An interview with Michelle May, MD, founder of Am I Hungry?® Mindful Eating Programs and Training
Dr. Michelle May, is a mindful eating expert and former family physician who founded the Am I Hungry?® Mindful Eating Programs. An award-winning author of the Eat What You Love, Love What You Eat book series, she has helped people move from awareness to action when it comes to practicing mindful eating and snacking. Follow her on Twitter @EatWhatYouLove.
Michelle May (MM): For me it was a perfect accident. I am a family physician by training and practiced family medicine for 16 years. During my time as a physician, I kept hearing stories from my patients about yo-yo dieting that were similar to my personal experiences. It wasn’t that my patients and I didn’t know what we should be doing. But I realized that implementing lifestyle behaviors for the long run didn’t seem to be working for them or for me.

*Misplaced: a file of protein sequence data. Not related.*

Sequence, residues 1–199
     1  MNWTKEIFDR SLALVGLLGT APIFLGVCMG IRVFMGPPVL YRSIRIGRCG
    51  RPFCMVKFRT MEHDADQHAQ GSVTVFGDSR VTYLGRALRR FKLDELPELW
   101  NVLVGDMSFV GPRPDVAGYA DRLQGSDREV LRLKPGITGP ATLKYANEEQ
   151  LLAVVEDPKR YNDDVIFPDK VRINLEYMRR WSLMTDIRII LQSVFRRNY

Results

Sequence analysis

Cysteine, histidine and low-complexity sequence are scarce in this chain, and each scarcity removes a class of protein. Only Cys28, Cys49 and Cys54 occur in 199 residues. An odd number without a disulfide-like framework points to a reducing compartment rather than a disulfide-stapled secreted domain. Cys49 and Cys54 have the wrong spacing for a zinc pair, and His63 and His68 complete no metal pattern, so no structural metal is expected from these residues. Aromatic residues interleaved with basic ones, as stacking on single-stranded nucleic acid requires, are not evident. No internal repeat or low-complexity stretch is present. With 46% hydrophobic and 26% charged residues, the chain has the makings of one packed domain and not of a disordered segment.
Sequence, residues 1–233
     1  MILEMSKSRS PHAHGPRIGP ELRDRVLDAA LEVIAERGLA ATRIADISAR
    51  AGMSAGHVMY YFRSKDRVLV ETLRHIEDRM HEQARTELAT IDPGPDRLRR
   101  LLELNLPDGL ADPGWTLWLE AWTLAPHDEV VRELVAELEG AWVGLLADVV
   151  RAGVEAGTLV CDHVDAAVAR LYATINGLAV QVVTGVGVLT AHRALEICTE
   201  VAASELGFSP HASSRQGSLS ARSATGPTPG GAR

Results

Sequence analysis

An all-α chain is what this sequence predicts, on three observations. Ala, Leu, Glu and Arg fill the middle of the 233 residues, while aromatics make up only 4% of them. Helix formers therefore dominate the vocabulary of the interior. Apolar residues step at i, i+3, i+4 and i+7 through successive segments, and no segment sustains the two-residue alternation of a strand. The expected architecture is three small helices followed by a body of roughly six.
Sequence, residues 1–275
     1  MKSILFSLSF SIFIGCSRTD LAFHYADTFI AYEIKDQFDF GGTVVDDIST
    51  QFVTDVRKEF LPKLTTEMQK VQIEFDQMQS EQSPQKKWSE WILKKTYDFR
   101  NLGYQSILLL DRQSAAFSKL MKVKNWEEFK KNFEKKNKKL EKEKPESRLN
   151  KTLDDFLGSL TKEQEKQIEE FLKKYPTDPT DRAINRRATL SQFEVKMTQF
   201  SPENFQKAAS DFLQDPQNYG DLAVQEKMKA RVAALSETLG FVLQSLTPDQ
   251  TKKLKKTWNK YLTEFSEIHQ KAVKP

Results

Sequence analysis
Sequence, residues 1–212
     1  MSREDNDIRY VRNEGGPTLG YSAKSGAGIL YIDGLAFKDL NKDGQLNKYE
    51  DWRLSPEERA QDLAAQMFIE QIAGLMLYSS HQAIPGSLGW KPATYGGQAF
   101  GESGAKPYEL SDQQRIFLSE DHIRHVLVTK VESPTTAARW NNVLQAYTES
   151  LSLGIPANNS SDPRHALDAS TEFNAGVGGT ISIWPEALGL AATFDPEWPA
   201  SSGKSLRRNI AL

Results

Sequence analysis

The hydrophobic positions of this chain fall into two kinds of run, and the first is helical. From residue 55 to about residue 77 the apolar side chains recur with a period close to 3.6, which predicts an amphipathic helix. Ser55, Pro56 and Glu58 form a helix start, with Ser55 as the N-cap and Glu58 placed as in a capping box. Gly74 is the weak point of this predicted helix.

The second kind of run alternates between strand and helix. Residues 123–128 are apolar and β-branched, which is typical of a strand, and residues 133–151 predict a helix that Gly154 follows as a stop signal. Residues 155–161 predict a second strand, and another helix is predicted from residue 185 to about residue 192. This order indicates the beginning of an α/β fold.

About 17 years ago, I came across the concept of mindful eating and began to practice it for myself. Through that I saw an amazing transformation in my relationship with food and became inspired to share my experience with other people. I realized that fixing our issues around eating is far more than just counting calories, points or exchanges. It goes much deeper than that.
MM: At a very high and simple level, mindful eating is about eating with intention and attention. I developed a Mindful Eating Cycle model that helps you become aware of why you’re eating, when you feel like eating, what you eat, how you eat, how much you eat, and then where you invest the energy that you’ve consumed.